Better Than Our Nature’s Allow

Does riding a bike make me a better person? Not better that you. That’s not what I’m suggesting, even if I have, on occasion, dabbled in self-righteousness. No. What I’m asking is, does riding a bike make me a better person than I would or could be without riding?

Set aside the issues of physical fitness, which are obvious. I’m talking about character here. I’m talking about better behavior, better relationships, a better mindset.

First a little about me: I’m impatient. If any one characteristic describes my personality, mood, and approach to life it’s impatience. My mind is racing, and neither I nor the world can keep up. I have written a long list of basic rules that no one seems to abide by. I can achieve anything if only I go fast enough. Why is everything, always taking so long? In my frenzy, I feel certain that my salvation, all of our salvation, relies on getting to the next thing, whatever that is.

None of this works, of course, but there you knew that.

I’m also highly fallible and often wrong. It’s tempting to say I’m extraordinarily imperfect, but that’s just ego masquerading as humility. In truth, I’m a garden variety human, confused, imperfect, and naive, bumping up against a myriad of other humans in the exact same state.

I’m judgmental too. I think this is a natural consequence of being impatient and often wrong. I know better, but somehow the judgements keep coming, rising from the murky mists of my mind, like bats streaming from a cave at dusk. It’s exhausting. Someone turn it off. Someone make it stop.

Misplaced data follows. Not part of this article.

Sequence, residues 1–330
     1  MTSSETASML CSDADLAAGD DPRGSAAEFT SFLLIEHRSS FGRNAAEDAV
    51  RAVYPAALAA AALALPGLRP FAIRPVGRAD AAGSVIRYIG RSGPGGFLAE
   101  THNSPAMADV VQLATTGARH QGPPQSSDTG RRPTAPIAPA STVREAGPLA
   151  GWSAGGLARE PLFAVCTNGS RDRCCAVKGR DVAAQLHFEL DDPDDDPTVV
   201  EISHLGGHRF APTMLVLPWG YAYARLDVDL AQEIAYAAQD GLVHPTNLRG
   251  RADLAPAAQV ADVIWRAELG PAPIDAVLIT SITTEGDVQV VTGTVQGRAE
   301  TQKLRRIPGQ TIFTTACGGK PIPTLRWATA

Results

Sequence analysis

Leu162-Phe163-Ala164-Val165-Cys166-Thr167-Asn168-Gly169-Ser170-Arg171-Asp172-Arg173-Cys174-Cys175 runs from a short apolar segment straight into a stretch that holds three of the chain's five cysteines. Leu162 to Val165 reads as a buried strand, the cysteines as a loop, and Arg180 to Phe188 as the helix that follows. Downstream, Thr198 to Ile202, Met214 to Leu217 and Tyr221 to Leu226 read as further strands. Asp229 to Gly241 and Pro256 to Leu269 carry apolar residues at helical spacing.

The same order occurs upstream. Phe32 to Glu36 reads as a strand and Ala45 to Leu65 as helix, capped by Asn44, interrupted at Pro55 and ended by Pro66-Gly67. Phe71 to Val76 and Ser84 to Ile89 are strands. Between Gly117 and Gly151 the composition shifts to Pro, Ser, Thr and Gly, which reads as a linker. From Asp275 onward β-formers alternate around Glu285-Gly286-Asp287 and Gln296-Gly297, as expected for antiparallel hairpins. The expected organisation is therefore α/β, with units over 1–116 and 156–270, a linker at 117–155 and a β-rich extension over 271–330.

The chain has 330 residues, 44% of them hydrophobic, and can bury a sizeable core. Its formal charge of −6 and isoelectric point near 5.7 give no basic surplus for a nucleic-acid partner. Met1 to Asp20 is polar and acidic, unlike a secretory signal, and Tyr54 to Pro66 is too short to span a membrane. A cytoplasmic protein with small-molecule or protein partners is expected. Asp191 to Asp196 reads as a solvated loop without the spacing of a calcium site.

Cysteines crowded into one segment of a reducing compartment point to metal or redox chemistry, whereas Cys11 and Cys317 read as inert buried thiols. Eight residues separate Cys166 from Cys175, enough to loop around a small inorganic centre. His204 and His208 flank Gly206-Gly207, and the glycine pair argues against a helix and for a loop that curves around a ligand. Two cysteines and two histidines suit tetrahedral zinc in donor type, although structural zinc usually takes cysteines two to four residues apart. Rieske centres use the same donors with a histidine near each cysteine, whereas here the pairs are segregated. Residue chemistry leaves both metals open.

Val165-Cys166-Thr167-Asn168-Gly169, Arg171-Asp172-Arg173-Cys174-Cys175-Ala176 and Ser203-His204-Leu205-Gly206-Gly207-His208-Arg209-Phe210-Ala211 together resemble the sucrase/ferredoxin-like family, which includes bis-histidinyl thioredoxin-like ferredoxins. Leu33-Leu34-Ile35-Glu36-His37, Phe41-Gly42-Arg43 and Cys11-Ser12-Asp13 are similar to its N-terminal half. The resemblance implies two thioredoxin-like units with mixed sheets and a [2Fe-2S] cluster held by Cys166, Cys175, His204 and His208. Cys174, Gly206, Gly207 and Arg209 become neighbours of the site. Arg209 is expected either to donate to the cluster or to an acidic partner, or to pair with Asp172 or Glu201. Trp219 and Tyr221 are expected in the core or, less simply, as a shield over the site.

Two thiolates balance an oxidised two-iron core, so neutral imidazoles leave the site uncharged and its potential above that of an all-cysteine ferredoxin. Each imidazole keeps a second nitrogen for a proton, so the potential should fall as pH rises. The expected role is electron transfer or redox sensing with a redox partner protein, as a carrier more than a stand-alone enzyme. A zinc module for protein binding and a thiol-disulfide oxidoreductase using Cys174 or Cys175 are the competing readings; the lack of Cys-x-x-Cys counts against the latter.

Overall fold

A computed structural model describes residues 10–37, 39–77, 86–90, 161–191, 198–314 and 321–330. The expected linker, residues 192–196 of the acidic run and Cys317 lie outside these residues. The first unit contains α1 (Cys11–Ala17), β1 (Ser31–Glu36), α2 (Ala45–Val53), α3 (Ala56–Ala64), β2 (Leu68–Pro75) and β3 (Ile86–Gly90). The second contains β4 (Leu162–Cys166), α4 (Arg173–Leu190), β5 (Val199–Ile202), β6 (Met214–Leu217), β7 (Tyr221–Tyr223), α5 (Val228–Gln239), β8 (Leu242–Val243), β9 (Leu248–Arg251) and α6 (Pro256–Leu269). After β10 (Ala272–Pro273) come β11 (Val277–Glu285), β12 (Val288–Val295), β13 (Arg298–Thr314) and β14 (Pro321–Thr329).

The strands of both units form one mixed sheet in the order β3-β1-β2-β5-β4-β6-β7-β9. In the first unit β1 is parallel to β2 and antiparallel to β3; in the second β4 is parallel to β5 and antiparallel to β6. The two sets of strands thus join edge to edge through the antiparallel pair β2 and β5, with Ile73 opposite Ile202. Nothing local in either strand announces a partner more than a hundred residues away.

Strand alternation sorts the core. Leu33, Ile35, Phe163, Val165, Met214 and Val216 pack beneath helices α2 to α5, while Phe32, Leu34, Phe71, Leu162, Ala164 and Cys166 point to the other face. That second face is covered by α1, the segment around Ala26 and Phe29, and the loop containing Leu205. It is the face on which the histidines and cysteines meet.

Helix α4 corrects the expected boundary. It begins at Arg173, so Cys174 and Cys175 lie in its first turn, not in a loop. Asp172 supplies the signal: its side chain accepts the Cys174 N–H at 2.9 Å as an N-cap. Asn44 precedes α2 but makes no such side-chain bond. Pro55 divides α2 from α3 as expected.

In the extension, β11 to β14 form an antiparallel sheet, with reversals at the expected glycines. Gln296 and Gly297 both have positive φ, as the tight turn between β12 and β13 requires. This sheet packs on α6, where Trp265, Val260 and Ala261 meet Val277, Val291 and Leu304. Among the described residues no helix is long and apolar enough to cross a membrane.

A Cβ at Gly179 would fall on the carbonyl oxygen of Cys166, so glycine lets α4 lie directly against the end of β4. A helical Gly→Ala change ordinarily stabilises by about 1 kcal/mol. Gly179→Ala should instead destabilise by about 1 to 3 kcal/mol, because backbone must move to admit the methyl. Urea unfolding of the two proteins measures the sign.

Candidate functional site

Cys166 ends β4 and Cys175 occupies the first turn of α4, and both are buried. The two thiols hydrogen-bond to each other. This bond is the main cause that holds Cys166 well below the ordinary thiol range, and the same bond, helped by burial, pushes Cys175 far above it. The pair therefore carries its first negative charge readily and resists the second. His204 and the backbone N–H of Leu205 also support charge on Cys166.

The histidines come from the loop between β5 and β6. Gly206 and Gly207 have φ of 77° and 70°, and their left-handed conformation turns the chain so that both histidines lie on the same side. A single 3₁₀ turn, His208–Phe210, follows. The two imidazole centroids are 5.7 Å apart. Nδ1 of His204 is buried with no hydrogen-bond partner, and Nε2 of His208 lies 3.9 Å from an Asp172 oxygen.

So how does the bike address these things?

As Padraig once told me, “You know, you can’t hurry up and ride a century.” Miles will pass only as quickly as they’ll pass. Your will cannot shrink time or space. If you pedal long enough, the bike will bring you to patience. Humility too.

Because I am impatient and judgmental, I am frequently in a bad mood, too. The bike burns a bad mood like a German motor car burns high octane fuel.

The bike creates time in a way. When you are riding, you are mostly not living your regular life. You gain distance from your problems, your resentments, and then there you are, floating in a sort of purgatorial space, where your better nature can prevail.

I know I ought to slow down. I know I ought not judge. I know that bad mood isn’t/wasn’t doing anyone any good. The bike is a time out. The bike is a purgative. The bike lets me get through my life, some days, without getting any of my obvious imperfections on the people around me.

Are there other ways to access the better parts of my character? I’m told meditation is an effective tool, but if you see paragraph three above, you’ll understand the inefficacy of that solution. Or put another way actually, meditating is what I’m doing on the bike. It’s the thing that gives me the requisite time and distance from the crucial decisions and interactions of the day.

I like to believe that there’s a good person in each of us, but sometimes we can’t access that person, because he/she/they are hidden behind a bunch of bad impulses and subsequently bad behavior. Sometimes we’ve just been misinformed about how life works, given bad information by the generation before. Either way, with enough time and consistency, we can ride ourselves better.

That’s what I think.

If you have thoughts on this piece, share them below. If you liked it, consider sharing it, using the buttons right beneath these words. If you’re having a bad day, cheer up. It’ll get better, I’m sure.

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  1. TominAlbany says

    Don’t sell yourself short. I think you’re probably a good person without the bike. Perhaps the bike lets YOU finally see it.

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